stevo Backyard Farmer Premium Member GOLD

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    Thanks for that info Mark. From what I've read, Mains natural gas is supposed to be cheaper than bottled gas if you use a lot. I've seen a few comments from people complaining about rising service costs and some peoples service costs are higher than the gas price that they use.
     
  6. Mark

    Mark Founder Staff Member

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    Yeah it'd make sense for piped gas to be cheaper - I'd certainly be on it if I could because it would save ordering the stupid things and wondering when the gas man will arrive. We had piped in Victoria when we lived there and that was nice and easy.
     
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  7. stevo

    stevo Backyard Farmer Premium Member GOLD

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    I'm not sure if there's mains gas in my street, but I should investigate the bottled gas hot water systems anyway.
     
  8. Steve

    Steve Valued Member Premium Member

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    We have mains gas in my area and would avoid going back to elec for water heating if I could possibly get away with it.
    The instant heat is awesome and like Mark said it's such a small unit that simply heats as you use the water. There is minimal lost energy with inline gas heating as with stored systems you are heating up water and then it cools if not used.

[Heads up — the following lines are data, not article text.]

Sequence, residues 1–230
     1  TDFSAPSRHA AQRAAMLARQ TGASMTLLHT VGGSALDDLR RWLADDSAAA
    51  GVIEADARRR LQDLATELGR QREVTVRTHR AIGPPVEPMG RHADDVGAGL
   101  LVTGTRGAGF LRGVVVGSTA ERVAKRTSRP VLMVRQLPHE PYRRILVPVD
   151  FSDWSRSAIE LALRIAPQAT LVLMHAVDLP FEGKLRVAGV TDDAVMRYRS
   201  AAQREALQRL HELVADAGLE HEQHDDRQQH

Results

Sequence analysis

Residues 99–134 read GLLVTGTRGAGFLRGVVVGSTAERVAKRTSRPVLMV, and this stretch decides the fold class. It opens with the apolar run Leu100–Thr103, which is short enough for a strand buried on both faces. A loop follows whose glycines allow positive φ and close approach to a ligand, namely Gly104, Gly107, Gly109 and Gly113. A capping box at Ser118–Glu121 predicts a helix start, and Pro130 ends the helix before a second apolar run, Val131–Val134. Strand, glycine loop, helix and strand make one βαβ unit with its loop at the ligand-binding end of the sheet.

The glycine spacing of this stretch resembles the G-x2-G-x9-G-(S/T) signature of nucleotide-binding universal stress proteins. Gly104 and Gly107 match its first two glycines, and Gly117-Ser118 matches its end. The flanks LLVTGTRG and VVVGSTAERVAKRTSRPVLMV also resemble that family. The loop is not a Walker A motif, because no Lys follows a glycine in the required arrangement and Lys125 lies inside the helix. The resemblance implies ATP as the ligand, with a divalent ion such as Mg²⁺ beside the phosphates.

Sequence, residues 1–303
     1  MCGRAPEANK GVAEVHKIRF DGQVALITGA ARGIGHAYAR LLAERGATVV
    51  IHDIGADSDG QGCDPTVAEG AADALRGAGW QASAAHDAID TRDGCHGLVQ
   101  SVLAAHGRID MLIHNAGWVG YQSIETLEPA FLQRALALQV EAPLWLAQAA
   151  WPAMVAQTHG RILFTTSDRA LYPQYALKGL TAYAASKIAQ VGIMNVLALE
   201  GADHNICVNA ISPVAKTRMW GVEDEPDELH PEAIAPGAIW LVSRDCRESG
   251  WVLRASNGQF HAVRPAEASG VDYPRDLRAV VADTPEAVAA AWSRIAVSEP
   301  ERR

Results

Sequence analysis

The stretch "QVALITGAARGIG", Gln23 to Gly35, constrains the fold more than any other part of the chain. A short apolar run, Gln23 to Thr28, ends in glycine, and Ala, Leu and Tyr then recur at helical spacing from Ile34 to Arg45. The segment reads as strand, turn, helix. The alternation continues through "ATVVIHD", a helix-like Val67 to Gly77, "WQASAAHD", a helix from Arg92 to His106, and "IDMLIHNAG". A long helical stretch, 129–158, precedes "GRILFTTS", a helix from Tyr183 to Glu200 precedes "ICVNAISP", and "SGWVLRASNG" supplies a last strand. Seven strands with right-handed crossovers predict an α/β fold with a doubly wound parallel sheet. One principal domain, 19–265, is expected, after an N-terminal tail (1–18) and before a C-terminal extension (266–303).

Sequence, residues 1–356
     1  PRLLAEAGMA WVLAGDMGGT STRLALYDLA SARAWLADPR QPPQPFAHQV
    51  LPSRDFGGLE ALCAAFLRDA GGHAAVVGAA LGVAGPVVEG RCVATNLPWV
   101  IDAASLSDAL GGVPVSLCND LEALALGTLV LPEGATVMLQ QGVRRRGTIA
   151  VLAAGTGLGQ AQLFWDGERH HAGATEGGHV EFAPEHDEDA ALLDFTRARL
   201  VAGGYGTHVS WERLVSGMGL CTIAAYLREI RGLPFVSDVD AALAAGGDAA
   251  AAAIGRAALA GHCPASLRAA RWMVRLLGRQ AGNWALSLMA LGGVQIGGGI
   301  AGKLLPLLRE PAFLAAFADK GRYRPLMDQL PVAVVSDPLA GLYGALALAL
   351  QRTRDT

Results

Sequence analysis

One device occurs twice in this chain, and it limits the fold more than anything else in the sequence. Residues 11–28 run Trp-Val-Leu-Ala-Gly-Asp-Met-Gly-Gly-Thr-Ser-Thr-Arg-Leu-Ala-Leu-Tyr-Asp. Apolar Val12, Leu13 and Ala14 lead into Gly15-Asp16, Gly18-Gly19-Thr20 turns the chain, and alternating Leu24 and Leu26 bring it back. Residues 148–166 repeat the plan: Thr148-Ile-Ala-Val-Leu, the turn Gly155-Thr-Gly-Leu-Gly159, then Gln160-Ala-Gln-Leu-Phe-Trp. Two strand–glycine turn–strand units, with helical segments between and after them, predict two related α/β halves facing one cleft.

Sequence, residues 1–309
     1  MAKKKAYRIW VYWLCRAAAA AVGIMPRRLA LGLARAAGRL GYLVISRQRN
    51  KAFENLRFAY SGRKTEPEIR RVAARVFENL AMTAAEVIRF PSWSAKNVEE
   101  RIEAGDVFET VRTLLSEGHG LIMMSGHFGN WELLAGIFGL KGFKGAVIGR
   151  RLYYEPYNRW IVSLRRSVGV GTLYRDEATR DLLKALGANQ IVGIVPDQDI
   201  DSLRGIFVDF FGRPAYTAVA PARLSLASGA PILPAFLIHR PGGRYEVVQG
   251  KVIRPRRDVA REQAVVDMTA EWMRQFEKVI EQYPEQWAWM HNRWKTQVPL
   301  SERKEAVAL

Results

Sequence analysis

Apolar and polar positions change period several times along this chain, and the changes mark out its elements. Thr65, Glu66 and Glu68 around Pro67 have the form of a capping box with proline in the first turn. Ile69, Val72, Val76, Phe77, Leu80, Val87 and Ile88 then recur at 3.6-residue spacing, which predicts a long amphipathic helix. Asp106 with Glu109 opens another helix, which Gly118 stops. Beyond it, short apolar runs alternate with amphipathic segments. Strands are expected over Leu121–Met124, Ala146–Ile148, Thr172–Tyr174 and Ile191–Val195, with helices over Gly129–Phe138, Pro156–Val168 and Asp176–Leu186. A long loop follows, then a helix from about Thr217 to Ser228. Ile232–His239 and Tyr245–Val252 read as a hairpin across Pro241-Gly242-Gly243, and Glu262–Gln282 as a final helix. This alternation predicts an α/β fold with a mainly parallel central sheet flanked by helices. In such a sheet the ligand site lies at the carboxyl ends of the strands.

And gas on the stove top is the other thing I like about gas. Instant heat and nice and clean.

    My mother in law has gas bottles that need refilling and it seems like a real pain but if there is no other way I think i would still have gas.
    Just my thoughts.
     
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  9. Lee-Mika

    Lee-Mika Active Member Premium Member

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    I was planning on building my own DIY solar hot water system. I have a on demand gas system now and it does use the gas. I found some videos on making it out of copper tubing I thought it to be interesting.. I may give that chance. as I haven't seen anything better. Only problem is lots of rain in Asia during the rainy season so maybe no hot water during that time.. :(
     
  10. Tim C

    Tim C Two heads are better than one Premium Member GOLD

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    If firewood is abundant you could always make a "donkey" Nearly all shearers quarters in the outback are supplied by these. Usually a header tank supplying a heavy galv 44 gallon drum, that is mounted in a brick or steel frame. They usually have a blow-off riser pipe that is higher than the header tank, in case the water boils. I made up one when on a NT Cattle station, for the stock camp. They would usually just have a "bogey"in the turkeys nest(dam), for weeks on end. It was set up under a large overhead water tank, with a shower. As the tank was too high for the usual riser, I put a HWS relief valve on a pipe at distance from the fire. They were very greatful, especially the girls.
    A simple roll of poly in the sun can give you a fair bit of hot water. It can also be hooked to an insulated tank, top to top and bottom to bottom ( thermocycle) for extra capacity.
     
    Last edited: Aug 8, 2014